Postby Zak Griffin » Mon Dec 16, 2013 9:07 am

I'm no master distiller by any means, but I stick to 10-15% backset...

I'm at gen 6 of my current wash, and it's going strong... I'll probably pull the pin after gen 7 though, and start a new wash with the backset...
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Re: Cornflakes Whiskey (CFW)

Postby Dominator » Mon Dec 16, 2013 9:11 am

Have you checked your SG? I would think you could use more sugar than that. 7kg in a 45L wash is only going to give a SG of 1006 and ferment out to 9.2% You could easily add another 2kg of sugar which will get you up to 1077 and 11.8%, which is still well within the limits of bakers yeast.

I continue using backset to keep the generations going however I usualy only run about 5 or 6 gens on one yeast bed, then I give the fermenter a clean and pitch some new yeast.

Have you been using brand name cornflakes or home brand stuff, the reason I ask is I have had a few attempts at a similar similar wash although I have been using half/half home brand corn flakes and wheat bix however I have found it to be a very slow ferment. Usually takes 2-3 weeks to ferment out.
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Re: Cornflakes Whiskey (CFW)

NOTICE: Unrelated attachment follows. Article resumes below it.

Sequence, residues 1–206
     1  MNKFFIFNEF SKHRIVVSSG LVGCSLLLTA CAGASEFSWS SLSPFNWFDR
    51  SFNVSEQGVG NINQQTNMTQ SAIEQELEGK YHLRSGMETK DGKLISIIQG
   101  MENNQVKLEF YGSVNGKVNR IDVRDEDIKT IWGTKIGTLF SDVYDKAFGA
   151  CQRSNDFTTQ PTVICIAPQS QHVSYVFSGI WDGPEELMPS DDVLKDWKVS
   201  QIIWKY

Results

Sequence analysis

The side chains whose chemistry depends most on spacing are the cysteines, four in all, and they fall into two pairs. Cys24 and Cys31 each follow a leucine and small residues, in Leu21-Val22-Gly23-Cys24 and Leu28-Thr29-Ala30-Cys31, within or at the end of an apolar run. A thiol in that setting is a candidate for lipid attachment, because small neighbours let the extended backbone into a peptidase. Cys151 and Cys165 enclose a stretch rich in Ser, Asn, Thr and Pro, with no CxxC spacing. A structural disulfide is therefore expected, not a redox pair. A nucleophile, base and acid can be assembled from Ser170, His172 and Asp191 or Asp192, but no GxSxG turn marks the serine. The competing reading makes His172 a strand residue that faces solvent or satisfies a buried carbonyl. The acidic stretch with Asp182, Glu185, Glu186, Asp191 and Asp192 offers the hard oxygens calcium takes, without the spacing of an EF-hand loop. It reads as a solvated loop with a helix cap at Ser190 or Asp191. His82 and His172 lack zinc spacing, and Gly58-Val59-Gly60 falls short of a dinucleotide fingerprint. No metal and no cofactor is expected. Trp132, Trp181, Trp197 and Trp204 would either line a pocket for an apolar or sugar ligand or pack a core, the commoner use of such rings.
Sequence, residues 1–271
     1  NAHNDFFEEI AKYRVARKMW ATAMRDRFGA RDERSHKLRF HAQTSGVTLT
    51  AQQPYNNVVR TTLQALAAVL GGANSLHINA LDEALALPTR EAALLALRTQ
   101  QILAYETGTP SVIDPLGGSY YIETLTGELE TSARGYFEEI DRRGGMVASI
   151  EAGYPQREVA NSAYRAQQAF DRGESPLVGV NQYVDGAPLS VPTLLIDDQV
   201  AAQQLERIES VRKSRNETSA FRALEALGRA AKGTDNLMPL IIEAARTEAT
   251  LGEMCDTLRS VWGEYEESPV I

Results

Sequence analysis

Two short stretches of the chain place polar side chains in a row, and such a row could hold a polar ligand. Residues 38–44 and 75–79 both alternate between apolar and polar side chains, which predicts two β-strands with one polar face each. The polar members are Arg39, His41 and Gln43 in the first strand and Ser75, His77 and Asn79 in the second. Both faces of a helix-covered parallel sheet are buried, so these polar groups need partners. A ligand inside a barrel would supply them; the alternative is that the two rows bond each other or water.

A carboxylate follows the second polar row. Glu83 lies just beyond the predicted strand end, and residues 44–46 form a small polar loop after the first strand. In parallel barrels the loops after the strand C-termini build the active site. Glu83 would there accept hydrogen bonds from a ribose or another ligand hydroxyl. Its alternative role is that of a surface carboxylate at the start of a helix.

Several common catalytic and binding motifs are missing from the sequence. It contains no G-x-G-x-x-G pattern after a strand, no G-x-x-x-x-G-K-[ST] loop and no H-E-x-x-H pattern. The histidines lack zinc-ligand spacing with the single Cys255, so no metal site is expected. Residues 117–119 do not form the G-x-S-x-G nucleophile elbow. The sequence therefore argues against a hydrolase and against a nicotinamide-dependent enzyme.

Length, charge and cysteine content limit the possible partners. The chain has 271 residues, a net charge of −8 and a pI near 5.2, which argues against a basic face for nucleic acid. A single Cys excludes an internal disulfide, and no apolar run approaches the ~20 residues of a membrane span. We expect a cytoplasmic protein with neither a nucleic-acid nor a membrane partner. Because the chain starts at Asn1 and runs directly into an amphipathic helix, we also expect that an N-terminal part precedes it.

Postby Zak Griffin » Mon Dec 16, 2013 10:10 am

I tested the SG of gen 1, I think it was 1.08... I've since misplaced my hydrometer :handgestures-thumbdown:

I'll bang another 2kg in my next generation :handgestures-thumbupleft:

I'm using home brand cornflakes, I'll do my next batch with Kelloggs stuff and see if there's any difference... Mine is usually ready to run in 10 or 12 days though, including a couple of days to clear.
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Re: Cornflakes Whiskey (CFW)

Postby Bushy » Mon Dec 16, 2013 10:14 am

The trouble with putting the extra 2 kg of sugar in is that it will double yr ferment times. Better of with less abv and faster turnarounds. IMHO.
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Re: Cornflakes Whiskey (CFW)

Postby Linny » Mon Dec 16, 2013 10:20 am

Yeah dont be fucking greedy DOM ! :laughing-rolling:
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Re: Cornflakes Whiskey (CFW)

Postby Dominator » Mon Dec 16, 2013 10:29 am

Maybe thats why mine take so long to ferment. I was putting 5kg of sugar in a 25L wash.
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Re: Cornflakes Whiskey (CFW)

Postby Frothwizard » Mon Dec 16, 2013 10:38 am

I put 5kg in for 25L if it's a neutral, but with a few kg of grains in there I like to reduce that a bit. Seems to be the general consensus with CFW and UJSM alike.
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Re: Cornflakes Whiskey (CFW)

Postby bt1 » Mon Dec 16, 2013 10:49 am

Howdy,

For rums I can accept the gen 5 comments but for sugar/grain head when did gen 5 as a limit become the norm? Doesn't get any real flavour till at least gen 3/4

Fuck I'll have to get rid of gen 8+ stuff I have in storage....not!